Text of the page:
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IRC: Extreme weather conditions across Europe expose shortcomings in EU migration policies. Europe is not living up to its values

Extreme winter conditions across Greece and the Balkans have laid bare the short-sighted policies of European leaders to close borders and implement the EU-Turkey deal agreed in March 2016, the International Rescue Committee said today.

Thousands of refugees on the Greek islands and thousands more on mainland Greece continue to live in substandard, inadequate and unsafe conditions, pummeled by snow and rain, in sites with insufficient heating and shelter. While the Greek government has implemented some emergency measures this week, including a ship to host up to 300 refugees on the Greek island of Lesbos, these can be considered short-term fixes. They are not an adequate long-term response.

Meanwhile, across the Balkans where temperatures will remain substantially below freezing for the foreseeable future, refugees continue to risk their lives on treacherous, alternative routes. In the past week, four refugees have been found, frozen to death – three on Bulgaria’s border with Turkey and one in northern Greece. With over 7,200 refugees stranded in Serbia, government-run shelters are at capacity. At least a thousand refugees, including several hundred children traveling alone, are living in an abandoned warehouse in Belgrade where there are no services and where they are at extraordinary risk of death by hypothermia.

The focus of European leaders on curbing arrivals and stopping people from moving, and the failure to adequately prepare the camps for winter, set in motion the conditions we are seeing right now. With an emphasis on borders not people, far too little has been done to resource the programs necessary to assist refugees with asylum claims in Greece and to provide alternate legal routes for those fleeing conflict.

In September, the IRC called on the EU to establish an asylum task force consisting of 1,250 experts to ensure an efficient and expedited asylum process for refugees both on the Greek islands and across the mainland. With just under 200 experts planned to be deployed for the response in 2017, clearly these numbers have not come close to being realized.

The IRC which has been working on the island of Lesbos since July 2015, has repeatedly stepped up to provide emergency stopgap measures to refugees at Moria, and continues to do so. What is needed now is a commitment from the Greek government that these short-term stopgap measures are replaced with more durable long-term solutions, alongside a robust staffing up of the asylum process.

The Balkans have been largely ignored, with host governments and local humanitarian organisations doing the best they can with limited funding. The EU needs to turn its attention to the Balkans, especially Bulgaria and Serbia, to support governments and response agencies in their efforts to expand housing and programming for refugees who are stranded there, with no-where to go and ensure funding reaches those that need it most. Critically, a robust effort is needed to provide outreach to vulnerable refugees who are living beyond the remit of government services.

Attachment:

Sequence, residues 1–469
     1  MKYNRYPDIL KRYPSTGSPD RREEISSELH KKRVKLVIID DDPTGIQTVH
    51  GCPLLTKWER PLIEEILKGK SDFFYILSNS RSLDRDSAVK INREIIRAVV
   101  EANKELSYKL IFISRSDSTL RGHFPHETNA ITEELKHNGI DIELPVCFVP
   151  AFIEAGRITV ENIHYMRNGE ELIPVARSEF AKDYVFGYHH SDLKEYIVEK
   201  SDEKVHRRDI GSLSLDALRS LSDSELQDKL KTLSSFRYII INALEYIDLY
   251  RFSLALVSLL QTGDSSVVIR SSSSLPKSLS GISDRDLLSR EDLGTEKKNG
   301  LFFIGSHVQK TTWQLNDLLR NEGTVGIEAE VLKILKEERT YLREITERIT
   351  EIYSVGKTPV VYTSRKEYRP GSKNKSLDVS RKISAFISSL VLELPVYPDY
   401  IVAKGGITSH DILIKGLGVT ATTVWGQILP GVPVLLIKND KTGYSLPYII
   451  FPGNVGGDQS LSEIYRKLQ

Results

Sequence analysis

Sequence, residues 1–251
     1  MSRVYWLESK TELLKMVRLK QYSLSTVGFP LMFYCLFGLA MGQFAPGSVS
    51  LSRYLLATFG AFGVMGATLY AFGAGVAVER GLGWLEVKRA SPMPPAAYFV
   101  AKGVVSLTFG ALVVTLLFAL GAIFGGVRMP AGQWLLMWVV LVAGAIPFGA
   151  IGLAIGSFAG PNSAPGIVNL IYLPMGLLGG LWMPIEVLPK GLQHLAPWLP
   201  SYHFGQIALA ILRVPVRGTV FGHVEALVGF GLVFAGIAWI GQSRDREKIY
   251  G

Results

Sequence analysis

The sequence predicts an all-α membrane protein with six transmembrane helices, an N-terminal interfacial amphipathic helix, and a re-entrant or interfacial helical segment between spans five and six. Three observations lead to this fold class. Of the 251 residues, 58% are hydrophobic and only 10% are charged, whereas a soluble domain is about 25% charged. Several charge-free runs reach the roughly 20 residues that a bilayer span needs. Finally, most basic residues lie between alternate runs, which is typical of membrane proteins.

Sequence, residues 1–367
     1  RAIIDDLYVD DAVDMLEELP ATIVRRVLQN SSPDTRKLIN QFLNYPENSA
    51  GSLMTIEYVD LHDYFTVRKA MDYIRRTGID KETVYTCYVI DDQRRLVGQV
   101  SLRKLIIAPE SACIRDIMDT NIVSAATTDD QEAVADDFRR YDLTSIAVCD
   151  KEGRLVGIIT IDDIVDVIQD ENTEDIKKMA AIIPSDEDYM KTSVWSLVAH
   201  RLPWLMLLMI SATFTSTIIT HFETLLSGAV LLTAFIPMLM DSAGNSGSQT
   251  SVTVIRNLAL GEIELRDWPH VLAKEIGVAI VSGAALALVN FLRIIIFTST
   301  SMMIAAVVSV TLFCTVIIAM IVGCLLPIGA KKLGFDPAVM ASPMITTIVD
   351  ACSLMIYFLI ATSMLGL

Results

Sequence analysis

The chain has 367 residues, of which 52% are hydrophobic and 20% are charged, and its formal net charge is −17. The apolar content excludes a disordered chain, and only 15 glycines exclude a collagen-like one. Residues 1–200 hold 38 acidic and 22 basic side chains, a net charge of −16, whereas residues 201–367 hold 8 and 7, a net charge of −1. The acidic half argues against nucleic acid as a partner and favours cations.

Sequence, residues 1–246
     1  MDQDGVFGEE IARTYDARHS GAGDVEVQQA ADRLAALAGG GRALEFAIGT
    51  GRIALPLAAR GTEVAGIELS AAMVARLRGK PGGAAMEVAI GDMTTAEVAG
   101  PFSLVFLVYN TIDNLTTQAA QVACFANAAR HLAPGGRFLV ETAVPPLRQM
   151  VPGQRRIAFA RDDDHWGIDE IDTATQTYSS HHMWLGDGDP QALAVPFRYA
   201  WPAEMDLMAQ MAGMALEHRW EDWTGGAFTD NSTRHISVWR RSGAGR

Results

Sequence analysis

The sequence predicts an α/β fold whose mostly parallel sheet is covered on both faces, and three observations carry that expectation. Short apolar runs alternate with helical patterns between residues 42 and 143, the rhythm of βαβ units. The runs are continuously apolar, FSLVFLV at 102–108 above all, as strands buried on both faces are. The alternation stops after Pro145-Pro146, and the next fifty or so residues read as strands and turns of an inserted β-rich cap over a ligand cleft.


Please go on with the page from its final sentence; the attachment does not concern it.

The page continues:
EU member states must do more to support Greece and countries along the Balkan route, who cannot be expected to carry the responsibility for this crisis alone.

Elinor Raikes, the IRC’s regional representative for Europe said: Europe is not living up to its values. What is needed now is strong, compassionate, and effective leadership. The world’s most vulnerable people are being punished for seeking sanctuary. Surely they have been through enough already?

Panos Navrozidis, the IRC’s country director in Greece said: Close to 10 months since the EU-Turkey deal was implemented there is no excuse for the overcrowding we are seeing on the Greek islands. Vulnerable refugees and refugees with legitimate family reunification and asylum claims must be moved to appropriate sites on the mainland.

Gordana Ivkovic-Grujic, the IRC’s country director in the Balkans said: The EU must address the fact that desperate people fleeing conflict will continue to find a way to live safely. What is needed now more than ever is an expansion of safe and legal routes.

The IRC is responding in Greece, Serbia, Macedonia and Bulgaria with a focus on environmental health, protection and information, and economic recovery and development. For more information please see here and here.

Photos of conditions in Serbia at this link. Please credit Miodrag Cakic/Info Park. 

About the IRC

The International Rescue Committee responds to the world’s worst humanitarian crises, helping to restore health, safety, education, economic wellbeing, and power to people devastated by conflict and disaster. Founded in 1933 at the call of Albert Einstein, the IRC is at work in over 40 countries and 29 U.S. cities helping people to survive, reclaim control of their future and strengthen their communities. Learn more at www.rescue.org and follow the IRC on Twitter & Facebook.